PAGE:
It is important to pay close attention to our communications to know if school will run as normal the next day, or if there will be cancellations or delays.

We recognize that each weather event is unique and we understand that your families may be impacted in various ways. Additionally, weather conditions change rapidly and are unpredictable.  We work hard to make the best decisions we can with the information we know. We do not take these decisions lightly and our main concern in making these decisions is for staff and student safety.  

Frequently Asked Questions 

Sometimes when the district closes schools I look outside my house and see only a thin covering of snow on the ground; I could easily take my child to school, but it is closed. Why is my school closed when it doesn’t need to be?
School closure decisions are based on conditions throughout the district. We operate as a system, not as independent schools. Over half of our staff members live outside of district boundaries and need to safely commute to work. Some areas of the district may have much more snow and school buses cannot be driven safely‐ i.e. Beavercreek or Redland areas. 

Schools are open, but with the snow and/or ice on the road it isn’t safe to drive/walk out of my neighborhood. What should I do?
We can’t make this decision for you or your family. You need to determine if it’s safe for you to drive/walk your child to school. We encourage families to make transportation and attendance decisions for their students based on their own assessment of travel conditions at their location.

How does the district work with neighboring districts when making the decision to close?

Clackamas County Superintendents work collaboratively to share information about weather conditions in their communities and discuss how their decisions to delay or close school may affect another district.  Staff and students cross district lines for work, specialized programs and activities; being safe is a priority for all of us.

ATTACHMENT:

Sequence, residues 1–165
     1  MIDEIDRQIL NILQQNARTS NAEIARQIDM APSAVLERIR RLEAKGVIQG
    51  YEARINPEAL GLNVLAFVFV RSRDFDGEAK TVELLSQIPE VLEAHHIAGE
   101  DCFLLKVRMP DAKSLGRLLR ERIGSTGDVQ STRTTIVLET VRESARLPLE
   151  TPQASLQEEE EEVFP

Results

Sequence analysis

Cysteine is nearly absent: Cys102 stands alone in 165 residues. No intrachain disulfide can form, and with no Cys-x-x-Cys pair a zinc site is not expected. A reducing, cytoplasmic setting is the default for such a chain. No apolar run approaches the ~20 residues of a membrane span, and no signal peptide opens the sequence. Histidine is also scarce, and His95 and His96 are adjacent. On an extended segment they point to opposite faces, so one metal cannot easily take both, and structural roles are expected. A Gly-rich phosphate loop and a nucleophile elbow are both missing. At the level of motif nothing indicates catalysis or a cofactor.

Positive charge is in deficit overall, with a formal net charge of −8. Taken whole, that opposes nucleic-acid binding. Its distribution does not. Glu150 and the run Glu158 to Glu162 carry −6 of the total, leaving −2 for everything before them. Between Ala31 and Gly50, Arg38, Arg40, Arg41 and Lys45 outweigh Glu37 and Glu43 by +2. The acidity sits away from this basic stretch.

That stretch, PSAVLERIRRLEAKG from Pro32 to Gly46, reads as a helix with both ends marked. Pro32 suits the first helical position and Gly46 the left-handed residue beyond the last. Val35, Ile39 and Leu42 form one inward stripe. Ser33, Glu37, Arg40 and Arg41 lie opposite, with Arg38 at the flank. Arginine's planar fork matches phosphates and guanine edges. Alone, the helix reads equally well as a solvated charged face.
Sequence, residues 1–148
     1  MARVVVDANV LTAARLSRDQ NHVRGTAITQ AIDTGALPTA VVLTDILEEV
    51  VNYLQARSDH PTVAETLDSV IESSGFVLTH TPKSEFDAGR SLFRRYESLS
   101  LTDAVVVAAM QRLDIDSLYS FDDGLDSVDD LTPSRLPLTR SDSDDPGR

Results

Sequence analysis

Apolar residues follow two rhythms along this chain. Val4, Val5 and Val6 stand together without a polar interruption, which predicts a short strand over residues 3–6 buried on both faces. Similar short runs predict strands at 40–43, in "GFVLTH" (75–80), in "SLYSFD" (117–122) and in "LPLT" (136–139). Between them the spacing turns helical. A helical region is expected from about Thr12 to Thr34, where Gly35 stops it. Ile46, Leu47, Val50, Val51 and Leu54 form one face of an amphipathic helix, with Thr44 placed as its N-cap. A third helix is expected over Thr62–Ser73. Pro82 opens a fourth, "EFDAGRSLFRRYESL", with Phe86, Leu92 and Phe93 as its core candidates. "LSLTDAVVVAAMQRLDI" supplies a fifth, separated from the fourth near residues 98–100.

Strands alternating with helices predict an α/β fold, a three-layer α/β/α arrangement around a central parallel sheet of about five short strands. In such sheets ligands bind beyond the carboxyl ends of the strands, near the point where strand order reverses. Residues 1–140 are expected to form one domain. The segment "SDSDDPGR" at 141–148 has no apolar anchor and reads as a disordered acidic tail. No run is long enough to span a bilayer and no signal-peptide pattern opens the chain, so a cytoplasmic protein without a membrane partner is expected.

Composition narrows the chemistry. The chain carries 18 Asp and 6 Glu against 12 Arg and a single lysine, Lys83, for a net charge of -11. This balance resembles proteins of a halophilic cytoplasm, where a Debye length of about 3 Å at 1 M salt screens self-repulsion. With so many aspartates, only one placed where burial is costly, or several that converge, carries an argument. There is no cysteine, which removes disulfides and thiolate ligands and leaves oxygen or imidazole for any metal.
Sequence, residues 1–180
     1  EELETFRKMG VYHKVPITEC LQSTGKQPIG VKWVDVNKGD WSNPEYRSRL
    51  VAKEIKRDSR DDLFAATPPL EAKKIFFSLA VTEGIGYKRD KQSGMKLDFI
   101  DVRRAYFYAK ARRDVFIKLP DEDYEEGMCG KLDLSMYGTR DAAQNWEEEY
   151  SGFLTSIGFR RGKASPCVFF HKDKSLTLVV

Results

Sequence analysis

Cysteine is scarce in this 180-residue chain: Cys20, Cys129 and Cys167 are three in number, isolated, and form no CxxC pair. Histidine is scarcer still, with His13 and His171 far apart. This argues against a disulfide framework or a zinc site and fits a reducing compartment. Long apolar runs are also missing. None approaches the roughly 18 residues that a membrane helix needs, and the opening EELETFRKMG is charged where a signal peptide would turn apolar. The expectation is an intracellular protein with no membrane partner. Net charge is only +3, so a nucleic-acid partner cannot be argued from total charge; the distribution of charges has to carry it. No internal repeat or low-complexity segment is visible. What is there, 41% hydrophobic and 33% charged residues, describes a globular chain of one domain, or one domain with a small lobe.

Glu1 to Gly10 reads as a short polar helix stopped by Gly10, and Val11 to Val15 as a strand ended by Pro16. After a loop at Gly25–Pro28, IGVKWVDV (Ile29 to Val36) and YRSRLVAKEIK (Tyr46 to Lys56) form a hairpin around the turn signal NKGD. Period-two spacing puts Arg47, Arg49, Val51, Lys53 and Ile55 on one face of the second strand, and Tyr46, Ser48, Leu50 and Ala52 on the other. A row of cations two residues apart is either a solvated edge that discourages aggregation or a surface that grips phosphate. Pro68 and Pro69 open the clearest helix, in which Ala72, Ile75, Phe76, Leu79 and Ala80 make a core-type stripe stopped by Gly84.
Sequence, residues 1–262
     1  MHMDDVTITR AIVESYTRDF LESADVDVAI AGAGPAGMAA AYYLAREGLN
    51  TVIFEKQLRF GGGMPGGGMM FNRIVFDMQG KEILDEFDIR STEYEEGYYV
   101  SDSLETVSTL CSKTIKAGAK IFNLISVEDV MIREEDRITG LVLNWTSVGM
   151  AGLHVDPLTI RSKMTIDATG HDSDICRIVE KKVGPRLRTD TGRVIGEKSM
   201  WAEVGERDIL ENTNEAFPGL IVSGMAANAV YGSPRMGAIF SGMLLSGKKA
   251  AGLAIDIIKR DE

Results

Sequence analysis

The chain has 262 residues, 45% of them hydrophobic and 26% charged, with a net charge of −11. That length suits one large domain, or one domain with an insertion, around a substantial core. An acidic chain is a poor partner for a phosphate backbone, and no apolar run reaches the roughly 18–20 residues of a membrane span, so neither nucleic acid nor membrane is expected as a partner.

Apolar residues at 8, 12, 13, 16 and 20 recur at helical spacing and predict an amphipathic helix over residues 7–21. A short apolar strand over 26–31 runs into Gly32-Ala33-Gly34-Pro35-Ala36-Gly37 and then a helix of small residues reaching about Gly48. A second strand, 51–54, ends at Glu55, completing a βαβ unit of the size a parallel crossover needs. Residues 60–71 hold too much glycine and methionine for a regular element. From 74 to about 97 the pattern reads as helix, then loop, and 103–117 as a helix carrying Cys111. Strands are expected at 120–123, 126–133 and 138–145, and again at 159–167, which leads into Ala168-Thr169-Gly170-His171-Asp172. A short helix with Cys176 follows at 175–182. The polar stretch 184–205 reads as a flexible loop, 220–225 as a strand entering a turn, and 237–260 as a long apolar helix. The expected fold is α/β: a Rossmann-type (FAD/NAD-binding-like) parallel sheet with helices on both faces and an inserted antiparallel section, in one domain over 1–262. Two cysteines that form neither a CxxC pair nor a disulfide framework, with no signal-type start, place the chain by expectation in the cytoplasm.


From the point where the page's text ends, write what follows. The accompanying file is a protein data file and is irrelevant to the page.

Can we shift to online learning when the snow/ice causes cancellations?

Shifting to online learning takes pre planning which includes ensuring students have access to technology, wifi, and understand how to interact with their teachers on online platforms.  Staff also need to have systems and structures in place, such as Google Classroom, to support interactions and teaching.  Typically, teachers are provided time to make this transition on canceled days.  At this time, Oregon City School District does not have this set up as an expectation for staff or students.  Ordinarily we are out of school only a day here and there and do not experience multiple days of closure.  As we move forward, we will be having conversations about how we may be able to set this up in the future.   

What can we do at home to make up for lost learning time? 

There are a lot of great activities that can be done at home to support student learning.  Reading a good book, writing a letter to a family member who is missing the great snow/ice storm, playing board games, engineering snow forts, learning about weather and climate, cooking new foods with measuring cups, playing an instrument, creating art, dancing or making up stories are all great activities for a snowy day! 

Families may also find supplemental resources here: